Jade Wallace (Photo by Mark Laliberte)

Jade Wallace (Photo by Mark Laliberte)

Today, bending to press fingers to an aching right ankle, Slip glimpses spots of lightness among the grasses whose blades are wide as rope. The lightnesses, wax-white as Slip’s hair, appear at first to be mushrooms, livid and smooth, gathered close in a fairy ring. Slip moves closer, crouches down gingerly, and brushes off the green. The mushrooms are bones. Whose bones? There is no taxonomist, no taxidermist, available to consult in the Unwood where humankind can be neither seen nor heard.

For all we know, the bones might have been scattered during a carnival of predators. A raucous and callow ritual, with vines hung for ratty streamers overhead, half-chewed meat strewn on the floor. After the party, only the detritivores would have remained to lick the plates.

Slip laboriously clears the flora from the bones, which form no discernible shape. The temptation to rationalize the bones into a skeleton is overwhelming. Once they are ordered, the bones might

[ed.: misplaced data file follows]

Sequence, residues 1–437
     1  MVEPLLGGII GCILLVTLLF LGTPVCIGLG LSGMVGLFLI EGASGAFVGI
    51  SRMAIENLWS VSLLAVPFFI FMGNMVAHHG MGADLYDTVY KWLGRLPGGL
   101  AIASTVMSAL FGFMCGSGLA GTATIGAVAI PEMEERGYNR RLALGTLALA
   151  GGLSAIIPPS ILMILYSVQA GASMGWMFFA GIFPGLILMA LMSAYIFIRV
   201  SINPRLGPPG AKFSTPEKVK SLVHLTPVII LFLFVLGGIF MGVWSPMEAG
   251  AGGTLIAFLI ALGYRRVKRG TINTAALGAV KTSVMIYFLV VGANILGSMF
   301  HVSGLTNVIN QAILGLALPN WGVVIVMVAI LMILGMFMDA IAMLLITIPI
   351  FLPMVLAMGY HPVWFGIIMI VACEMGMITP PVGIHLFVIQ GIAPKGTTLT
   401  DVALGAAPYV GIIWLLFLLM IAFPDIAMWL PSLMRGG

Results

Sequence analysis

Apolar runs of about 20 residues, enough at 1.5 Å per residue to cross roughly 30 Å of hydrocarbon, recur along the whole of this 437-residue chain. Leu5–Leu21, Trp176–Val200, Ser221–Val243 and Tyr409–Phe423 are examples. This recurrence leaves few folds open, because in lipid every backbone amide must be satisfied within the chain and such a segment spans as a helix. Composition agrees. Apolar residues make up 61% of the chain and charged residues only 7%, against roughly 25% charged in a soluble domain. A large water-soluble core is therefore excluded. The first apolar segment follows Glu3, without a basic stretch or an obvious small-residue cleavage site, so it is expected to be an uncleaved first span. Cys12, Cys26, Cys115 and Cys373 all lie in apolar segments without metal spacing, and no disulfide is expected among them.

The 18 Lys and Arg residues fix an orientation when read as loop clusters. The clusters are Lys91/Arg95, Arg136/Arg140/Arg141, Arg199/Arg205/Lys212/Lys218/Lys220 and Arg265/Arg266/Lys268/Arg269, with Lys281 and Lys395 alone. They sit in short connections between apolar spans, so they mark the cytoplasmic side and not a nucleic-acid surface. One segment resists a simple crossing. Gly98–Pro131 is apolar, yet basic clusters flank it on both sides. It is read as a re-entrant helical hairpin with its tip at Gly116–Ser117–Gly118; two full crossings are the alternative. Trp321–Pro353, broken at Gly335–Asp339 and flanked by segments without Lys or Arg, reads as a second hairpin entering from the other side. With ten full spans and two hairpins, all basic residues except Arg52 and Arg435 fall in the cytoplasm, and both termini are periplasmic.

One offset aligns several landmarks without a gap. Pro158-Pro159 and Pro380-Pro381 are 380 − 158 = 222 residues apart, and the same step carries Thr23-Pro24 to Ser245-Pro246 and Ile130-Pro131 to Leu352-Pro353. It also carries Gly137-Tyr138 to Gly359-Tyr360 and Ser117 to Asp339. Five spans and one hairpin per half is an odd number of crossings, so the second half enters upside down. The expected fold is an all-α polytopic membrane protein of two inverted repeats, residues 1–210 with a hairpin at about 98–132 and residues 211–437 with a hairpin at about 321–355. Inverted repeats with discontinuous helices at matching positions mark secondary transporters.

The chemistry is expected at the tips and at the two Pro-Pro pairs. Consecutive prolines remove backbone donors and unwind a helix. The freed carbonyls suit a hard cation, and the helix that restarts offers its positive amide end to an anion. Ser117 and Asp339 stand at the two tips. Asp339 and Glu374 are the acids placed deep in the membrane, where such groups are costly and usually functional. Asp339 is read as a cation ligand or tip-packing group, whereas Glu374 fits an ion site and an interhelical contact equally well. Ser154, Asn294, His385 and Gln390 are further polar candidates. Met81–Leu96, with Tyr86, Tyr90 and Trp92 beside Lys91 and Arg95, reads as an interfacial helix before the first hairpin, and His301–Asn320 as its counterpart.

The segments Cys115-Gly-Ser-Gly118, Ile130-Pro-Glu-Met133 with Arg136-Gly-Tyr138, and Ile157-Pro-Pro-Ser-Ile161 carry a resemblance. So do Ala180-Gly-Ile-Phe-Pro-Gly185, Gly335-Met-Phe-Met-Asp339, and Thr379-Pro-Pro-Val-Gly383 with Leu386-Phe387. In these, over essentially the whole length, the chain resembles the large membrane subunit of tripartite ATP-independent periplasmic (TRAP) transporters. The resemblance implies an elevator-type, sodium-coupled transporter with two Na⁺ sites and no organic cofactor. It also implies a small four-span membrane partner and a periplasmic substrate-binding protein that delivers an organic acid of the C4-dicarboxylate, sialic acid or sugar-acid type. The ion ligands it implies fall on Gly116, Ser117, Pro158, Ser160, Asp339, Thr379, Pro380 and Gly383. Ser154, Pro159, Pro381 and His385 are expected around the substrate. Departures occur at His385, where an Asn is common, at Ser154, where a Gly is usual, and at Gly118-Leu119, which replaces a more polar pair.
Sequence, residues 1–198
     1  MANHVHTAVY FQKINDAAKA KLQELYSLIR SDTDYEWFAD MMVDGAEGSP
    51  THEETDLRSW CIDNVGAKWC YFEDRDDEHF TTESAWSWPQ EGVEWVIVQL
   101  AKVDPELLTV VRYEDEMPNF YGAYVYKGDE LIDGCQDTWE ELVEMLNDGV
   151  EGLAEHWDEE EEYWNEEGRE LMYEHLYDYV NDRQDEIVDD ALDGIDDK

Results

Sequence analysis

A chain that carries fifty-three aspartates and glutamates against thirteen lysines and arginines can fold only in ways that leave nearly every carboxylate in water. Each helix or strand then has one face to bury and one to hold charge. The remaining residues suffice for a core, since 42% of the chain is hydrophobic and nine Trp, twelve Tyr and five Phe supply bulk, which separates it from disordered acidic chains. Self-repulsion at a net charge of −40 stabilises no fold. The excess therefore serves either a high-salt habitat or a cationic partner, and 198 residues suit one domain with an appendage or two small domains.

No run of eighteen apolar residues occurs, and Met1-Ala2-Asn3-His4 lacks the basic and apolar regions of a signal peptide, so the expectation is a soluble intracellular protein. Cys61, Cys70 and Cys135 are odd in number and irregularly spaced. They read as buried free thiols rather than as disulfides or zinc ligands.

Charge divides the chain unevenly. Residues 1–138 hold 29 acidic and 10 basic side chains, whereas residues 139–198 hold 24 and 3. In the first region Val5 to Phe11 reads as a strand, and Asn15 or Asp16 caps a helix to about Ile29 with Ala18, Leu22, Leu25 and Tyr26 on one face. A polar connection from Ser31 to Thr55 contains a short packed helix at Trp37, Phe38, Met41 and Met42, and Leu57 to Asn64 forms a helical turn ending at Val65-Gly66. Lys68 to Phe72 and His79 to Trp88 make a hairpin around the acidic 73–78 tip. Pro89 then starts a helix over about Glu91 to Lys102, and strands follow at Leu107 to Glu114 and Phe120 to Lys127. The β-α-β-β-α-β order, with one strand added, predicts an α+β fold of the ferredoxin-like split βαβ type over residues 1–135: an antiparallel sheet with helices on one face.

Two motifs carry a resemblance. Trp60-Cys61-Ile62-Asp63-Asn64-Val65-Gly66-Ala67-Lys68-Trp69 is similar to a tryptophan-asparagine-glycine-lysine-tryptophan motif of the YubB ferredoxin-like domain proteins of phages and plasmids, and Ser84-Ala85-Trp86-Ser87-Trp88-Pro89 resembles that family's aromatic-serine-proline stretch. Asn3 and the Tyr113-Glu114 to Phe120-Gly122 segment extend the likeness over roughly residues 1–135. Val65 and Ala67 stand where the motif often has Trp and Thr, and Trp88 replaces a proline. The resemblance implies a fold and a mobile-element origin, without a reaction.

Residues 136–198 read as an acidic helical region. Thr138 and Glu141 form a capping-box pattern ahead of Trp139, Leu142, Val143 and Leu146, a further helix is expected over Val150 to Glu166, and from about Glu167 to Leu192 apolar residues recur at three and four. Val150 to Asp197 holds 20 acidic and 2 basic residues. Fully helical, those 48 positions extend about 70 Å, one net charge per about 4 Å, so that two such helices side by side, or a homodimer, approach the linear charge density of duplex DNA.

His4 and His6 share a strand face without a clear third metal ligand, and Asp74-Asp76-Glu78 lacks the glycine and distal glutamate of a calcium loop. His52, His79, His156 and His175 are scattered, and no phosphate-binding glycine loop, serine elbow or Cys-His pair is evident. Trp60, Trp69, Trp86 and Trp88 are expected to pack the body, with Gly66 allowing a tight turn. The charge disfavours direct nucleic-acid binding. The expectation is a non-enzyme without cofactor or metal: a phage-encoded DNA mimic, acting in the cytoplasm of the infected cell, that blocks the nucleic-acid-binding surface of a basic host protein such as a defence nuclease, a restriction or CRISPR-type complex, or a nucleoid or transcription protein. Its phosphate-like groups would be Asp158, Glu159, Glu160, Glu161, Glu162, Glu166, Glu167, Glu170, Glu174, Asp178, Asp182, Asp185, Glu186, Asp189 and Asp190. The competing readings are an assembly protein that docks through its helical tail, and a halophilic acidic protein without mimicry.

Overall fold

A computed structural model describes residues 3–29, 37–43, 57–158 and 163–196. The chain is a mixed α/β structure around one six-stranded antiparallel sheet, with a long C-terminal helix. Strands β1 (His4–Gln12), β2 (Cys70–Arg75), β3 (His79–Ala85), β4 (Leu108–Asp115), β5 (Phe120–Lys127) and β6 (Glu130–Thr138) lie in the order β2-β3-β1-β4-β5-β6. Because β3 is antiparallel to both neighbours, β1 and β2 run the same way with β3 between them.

convey a different meaning. If Slip does nothing, the bones will soon be completely interred by verdure, which would not be so bad for the bones, but it would be a disappointing outcome for Slip. There is some worth in figuring out what kind of animal the bones used to be. Isn’t there?

Stirring the bones from their rest profanes a sacred stillness. Nevertheless, Slip continues with the work: ruffling the feathers of ferns to see whether they conceal the last organs of a corpse, brushing soil away from its own protrusions, gathering the findings in an elegant mass. There are more bones than Slip expected, but also fewer, for though the bones are many there is no skull. Without the skull, it is hard for a layperson to make sense of the long, the short, the irregular, and the sesamoid bones, and even the other flat bones. Slip could as easily be looking at a horse as at a human being. Perhaps, if the ribs still formed a single cage, Slip could articulate the skeleton and get some sense of scale. Scattered as they are, the bones signify nothing but death.